WAY: I've had 35 surgeries now. The 25th surgery was the amputation.


KEILAR (voice over): Before his case manager connected him with Fisher House, Way stayed in a hotel draining his financial resources and his hope, as he thought about what to do when he could no longer afford lodging.


WAY: I've probably would have spent a few nights in the car initially and then most certainly with just the cost of living around here, I would have probably gone bankrupt.


KEILAR (voice over): This is just one of 86 Fisher Houses around the world. Ken Fisher's family, prominent in New York City real estate broke ground on the first Fisher House in 1991 increasing the capacity of the homes after the wars that followed 9/11 when more servicemen and women were surviving catastrophic injuries.


KEN FISHER, CEO, FISHER HOUSE: That would have been fatal in years in years and wars past. So that was going to require longer hospital stays. So we knew that the size of the houses were going to have to grow.


KEILAR (voice over): Recently retired Army Colonel Michael Malone is also staying at this 20-room Fisher House with his wife, Jennifer. Their second of two six-month stays while he receives treatment for a traumatic brain injury and a still undiagnosed illness that began while he was deployed to the Middle East.

At first, Jennifer commuted from New York on weekends.


COL. MICHAEL MALONE (RET), U.S. ARMY: I kept hoping that, you know, this miraculous turnaround and I get better and you know, I could continue service and I'd be off on to my next mission, but I just wasn't getting better and I wasn't recovering, so you know, I really needed my wife to come down and help me.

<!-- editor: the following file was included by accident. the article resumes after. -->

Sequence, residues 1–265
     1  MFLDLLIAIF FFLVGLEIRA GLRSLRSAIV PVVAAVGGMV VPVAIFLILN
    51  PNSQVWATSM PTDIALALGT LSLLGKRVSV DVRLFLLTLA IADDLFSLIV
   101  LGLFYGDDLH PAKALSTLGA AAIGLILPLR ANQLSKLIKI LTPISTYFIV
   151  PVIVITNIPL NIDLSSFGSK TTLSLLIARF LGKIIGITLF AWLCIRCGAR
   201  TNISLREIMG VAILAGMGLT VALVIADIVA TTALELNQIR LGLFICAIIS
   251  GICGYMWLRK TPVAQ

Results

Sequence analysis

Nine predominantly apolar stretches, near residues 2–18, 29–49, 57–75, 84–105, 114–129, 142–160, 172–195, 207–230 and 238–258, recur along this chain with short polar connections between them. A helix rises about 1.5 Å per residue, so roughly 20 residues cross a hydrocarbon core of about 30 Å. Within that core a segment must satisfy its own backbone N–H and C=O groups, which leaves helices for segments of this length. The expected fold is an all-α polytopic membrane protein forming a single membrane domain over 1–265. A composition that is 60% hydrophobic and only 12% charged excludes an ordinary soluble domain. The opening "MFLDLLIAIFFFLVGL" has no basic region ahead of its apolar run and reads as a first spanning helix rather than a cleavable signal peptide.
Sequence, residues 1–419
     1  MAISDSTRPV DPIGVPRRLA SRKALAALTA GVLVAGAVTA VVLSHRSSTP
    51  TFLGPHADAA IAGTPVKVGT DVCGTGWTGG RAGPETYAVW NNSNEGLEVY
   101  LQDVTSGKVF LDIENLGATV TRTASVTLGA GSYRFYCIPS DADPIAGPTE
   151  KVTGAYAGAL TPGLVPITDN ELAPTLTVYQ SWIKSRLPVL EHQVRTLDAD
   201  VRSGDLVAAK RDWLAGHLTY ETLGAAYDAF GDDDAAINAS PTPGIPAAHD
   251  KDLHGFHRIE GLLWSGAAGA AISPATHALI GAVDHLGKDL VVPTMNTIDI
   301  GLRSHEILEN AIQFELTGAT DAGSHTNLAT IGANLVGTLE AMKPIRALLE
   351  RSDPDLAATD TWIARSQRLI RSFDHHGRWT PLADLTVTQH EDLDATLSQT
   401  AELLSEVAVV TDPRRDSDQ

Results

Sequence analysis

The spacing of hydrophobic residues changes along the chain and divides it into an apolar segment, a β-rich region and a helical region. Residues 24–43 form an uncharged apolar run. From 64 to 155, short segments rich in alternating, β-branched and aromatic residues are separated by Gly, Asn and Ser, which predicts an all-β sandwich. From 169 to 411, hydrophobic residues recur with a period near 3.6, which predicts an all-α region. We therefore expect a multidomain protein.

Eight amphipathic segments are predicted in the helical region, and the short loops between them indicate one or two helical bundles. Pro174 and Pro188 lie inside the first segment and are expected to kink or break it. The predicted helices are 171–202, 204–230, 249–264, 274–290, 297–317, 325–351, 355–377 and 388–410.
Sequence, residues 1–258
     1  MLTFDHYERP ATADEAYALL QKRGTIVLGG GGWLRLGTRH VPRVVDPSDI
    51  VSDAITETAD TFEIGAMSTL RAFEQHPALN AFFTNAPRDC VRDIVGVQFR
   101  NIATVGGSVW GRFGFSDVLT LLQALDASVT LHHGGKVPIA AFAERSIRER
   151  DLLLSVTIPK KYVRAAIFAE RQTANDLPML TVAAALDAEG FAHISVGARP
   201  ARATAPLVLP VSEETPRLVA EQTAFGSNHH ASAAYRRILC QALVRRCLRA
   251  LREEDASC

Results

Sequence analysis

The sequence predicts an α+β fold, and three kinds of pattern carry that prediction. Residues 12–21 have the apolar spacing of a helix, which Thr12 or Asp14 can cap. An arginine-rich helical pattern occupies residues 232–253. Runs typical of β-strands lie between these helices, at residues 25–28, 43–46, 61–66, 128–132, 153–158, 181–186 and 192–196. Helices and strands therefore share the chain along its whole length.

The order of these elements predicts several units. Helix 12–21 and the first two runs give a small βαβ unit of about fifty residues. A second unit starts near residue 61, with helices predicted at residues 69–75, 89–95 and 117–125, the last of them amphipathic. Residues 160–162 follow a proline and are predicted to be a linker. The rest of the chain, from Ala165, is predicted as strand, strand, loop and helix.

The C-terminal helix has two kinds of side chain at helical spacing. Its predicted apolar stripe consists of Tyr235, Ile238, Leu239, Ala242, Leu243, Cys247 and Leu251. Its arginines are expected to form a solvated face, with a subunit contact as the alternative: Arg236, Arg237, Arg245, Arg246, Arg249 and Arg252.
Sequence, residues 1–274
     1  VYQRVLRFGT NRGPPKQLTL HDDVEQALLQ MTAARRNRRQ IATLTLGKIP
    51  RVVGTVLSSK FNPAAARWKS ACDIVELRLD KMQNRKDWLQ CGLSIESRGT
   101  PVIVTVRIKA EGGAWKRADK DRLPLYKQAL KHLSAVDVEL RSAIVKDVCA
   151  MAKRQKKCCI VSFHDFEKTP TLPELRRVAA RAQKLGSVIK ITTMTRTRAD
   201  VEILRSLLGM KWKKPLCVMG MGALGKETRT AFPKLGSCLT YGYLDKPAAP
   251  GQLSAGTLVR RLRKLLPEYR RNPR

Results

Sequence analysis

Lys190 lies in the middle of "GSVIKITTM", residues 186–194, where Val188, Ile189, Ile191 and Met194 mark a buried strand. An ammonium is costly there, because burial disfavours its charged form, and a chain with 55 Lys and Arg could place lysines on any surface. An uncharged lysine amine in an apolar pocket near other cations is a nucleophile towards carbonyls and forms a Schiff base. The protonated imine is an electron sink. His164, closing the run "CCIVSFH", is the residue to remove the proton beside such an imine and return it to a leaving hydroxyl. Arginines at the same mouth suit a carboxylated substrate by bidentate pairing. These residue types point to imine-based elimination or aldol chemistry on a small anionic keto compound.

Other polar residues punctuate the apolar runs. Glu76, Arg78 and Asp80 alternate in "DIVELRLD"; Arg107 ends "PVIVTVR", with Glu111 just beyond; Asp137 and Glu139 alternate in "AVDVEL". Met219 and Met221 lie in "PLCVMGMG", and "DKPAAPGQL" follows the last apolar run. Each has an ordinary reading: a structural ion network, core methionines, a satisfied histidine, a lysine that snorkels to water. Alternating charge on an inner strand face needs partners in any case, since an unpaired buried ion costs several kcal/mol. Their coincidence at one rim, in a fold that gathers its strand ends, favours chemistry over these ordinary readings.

JENNIFER MOK, WIFE OF COL. MICHAEL MALONE: You never understand the severity until you're like there constant and I basically became his advocate and focused on his care a hundred percent. And it felt good because I missed him, you know, that bond was gone for a while.

You know, the reconnection and getting to see him get better day by day. It was a good feeling.


KEILAR (voice over): Michael and Jennifer have found a home away from home at this Fisher House, together after two years spent largely apart, celebrating Thanksgiving and now Christmas with friends they've made here.


CHIEF MASTER SGT. MARK BURDITT, U.S. AIR FORCE: You're sharing a house with other people who are on a similar journey. Different reasons sometimes, but there's a there's a sense of camaraderie.


KEILAR (voice over): As I spoke with Chief Master Sergeant Mark Burditt, his wife Diana was resting in their room following her 29th radiation treatment for lung cancer.

As a nonsmoker, she was shocked when she was diagnosed just over two months ago. The military Medivac'ed the Burdettes from Ramstein Air Base in Germany on three hours' notice.


BURDITT: Before we hit the ground here, we found out that the Fisher House was going to be putting us up and it took an awful lot of worry off of our hearts and they've been just fantastic.


KEILAR (voice over): These families are now focusing on the demands of recovery without the added stress of social isolation and financial strain, even in the most challenging times of their lives, finding comfort and even purpose in a Fisher House where Rory, the service dog offers therapy sessions for the low price of a goldfish cracker.


WAY: He has a sense -- he has that dog sixth sense. He could pick out the person who's not having such a good moment and he will just go right to him every time and if I wasn't here, you know, we wouldn't be able to share that either.


KEILAR: And we want to hear from you. Please share your comments or especially your story ideas with me, just e-mail,

And coming up, from a tweet that sent shockwaves around the world to a squad of superhero women. We break down the top sports stories of the year and Christmas at the Vatican. Hear Pope Francis's message to thousands gathered in St Peter's Square.



KEILAR: Lyons and Tiger and Biles, oh my, get it, Tiger Woods Simone Biles. What a year it was in sports. We had controversy. We had people overcoming incredible odds. We had badass women dominating the World Cup and yes, we had the Washington Nationals. Oh my indeed.

Andy Scholes has a look back at the biggest sports moments of the year.